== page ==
Design Patent Developments at the Federal Circuit – 2014 Term

4 min

In addition to its heavy docket of utility patent cases, the Federal Circuit also rendered several design patent decisions of interest thus far in the 2014 term.  Among them is in a recent non-precedential opinion in Anderson v. Kimberly-Clark Corp., the Federal Circuit affirmed the application of the “ordinary observer” test at the pleading stage to find that five undergarment products did not infringe a design patent.

This case originated in the Western District of Washington, where a pro se plaintiff alleged that nine Kimberly-Clark products infringed its U.S. Patent No. D401,328 (the “D ‘328 patent”) directed to “an ornamental design for an absorbent disposable undergarment.” Kimberly-Clark moved for judgment on the pleadings under Fed. R. Civ. P. 12(c), asserting that it only manufactured five of the nine accused products, all under the Depend® and GoodNites® brands, and that none of those products infringed the D ‘328 patent.  The district court took  judicial notice that four accused products were not made by Kimberly-Clark and then compared the remaining five accused products to the D ‘328 patent.  It concluded there was no infringement as a matter of law based on several factual distinctions and dismissed the case outright before discovery.

On appeal, the plaintiff argued that the district court erred in considering the product’s images because they were not attached to the complaint (notably, plaintiff did not contest that the designs were different).  The Federal Circuit rejected this argument because: (1) plaintiff did not dispute the accuracy or authenticity of the images; and (2) the appearances of the patent illustrations and accused products were integral to the plaintiff’s claims.  It also adopted the lower court’s non-infringement analysis. Relying on the seminal decision in Egyptian Goddess, Inc. v. Swisa, Inc., which holds that a design patent is infringed if “an ordinary observer, familiar with the prior art designs, would be deceived into believing that the accused product is the same as the patented design,” the Federal Circuit agreed with the district court that “plain differences” exist between the accused products and the design patent at issue and affirmed the district court’s dismissal.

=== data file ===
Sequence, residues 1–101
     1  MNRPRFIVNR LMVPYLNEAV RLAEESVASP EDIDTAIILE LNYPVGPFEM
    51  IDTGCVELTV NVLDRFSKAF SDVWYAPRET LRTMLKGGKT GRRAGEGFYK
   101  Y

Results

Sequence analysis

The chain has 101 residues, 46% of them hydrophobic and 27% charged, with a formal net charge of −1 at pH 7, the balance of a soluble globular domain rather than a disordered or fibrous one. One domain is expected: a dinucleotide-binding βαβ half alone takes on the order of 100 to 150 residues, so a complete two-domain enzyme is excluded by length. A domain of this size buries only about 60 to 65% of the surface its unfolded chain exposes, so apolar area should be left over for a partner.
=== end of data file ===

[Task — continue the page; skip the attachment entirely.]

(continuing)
With respect to invalidity, design patents did not fare well this term.  Of note, in early April, the Federal Circuit affirmed summary judgment of obviousness for two design patents directed to football and baseball jerseys for dogs.  MRC Innovations, Inc. v. Hunter Mfg. LLP.

The court first outlined that obviousness for design patents involves a two-step inquiry: (1) does one reference basically have the same design characteristics or visual impressions as the claimed design; and (2) is there a secondary reference that is so related to the main reference such that there would be a suggestion to apply certain features from one reference to the other?

Although the district court did not expressly describe the claimed design (as required by prior precedent), it did so implicitly by outlining several design characteristics.  The primary reference was also suitable because it and the claimed design have the same fabric, shape, and stitching – despite slight differences.  In an audible, the Federal Circuit noted that “in practice” design infringement has focused on the “overall visual appearance” (rather than on specific features and even though design patents are supposed to be limited to the images in the drawings), meaning infringement is permissible despite differences in features.

The Federal Circuit turned to the secondary references finding they were sufficient given their similarity to the primary reference.  And even though no reference disclosed the additional stitching in the claimed design, the court noted this was a de minimis change, which would be within the skill of an ordinary designer of the art.  The secondary considerations offered by the patentee were insufficient as it presented no evidence that the alleged commercial success and copying were related to the claimed design.  Finally, the court undertook a similar analysis to find the other design patent obvious.

In one other design patent infringement case this term, on January 8, 2014, the Federal Circuit in Pacific Coast Marine Windshields Ltd. v. Malibu Boats, LLC reversed the district court’s summary judgment decision of non-infringement. In doing so, the court confirmed the viability of prosecution history estoppel to design patents.  We previously reported on that decision here.


Design patents can be a significant part of a company’s intellectual property portfolio, and one to which challengers must pay heed.  The Federal Circuit’s decisions thus far this term confirm their importance, but also present lessons for those seeking design patent protection.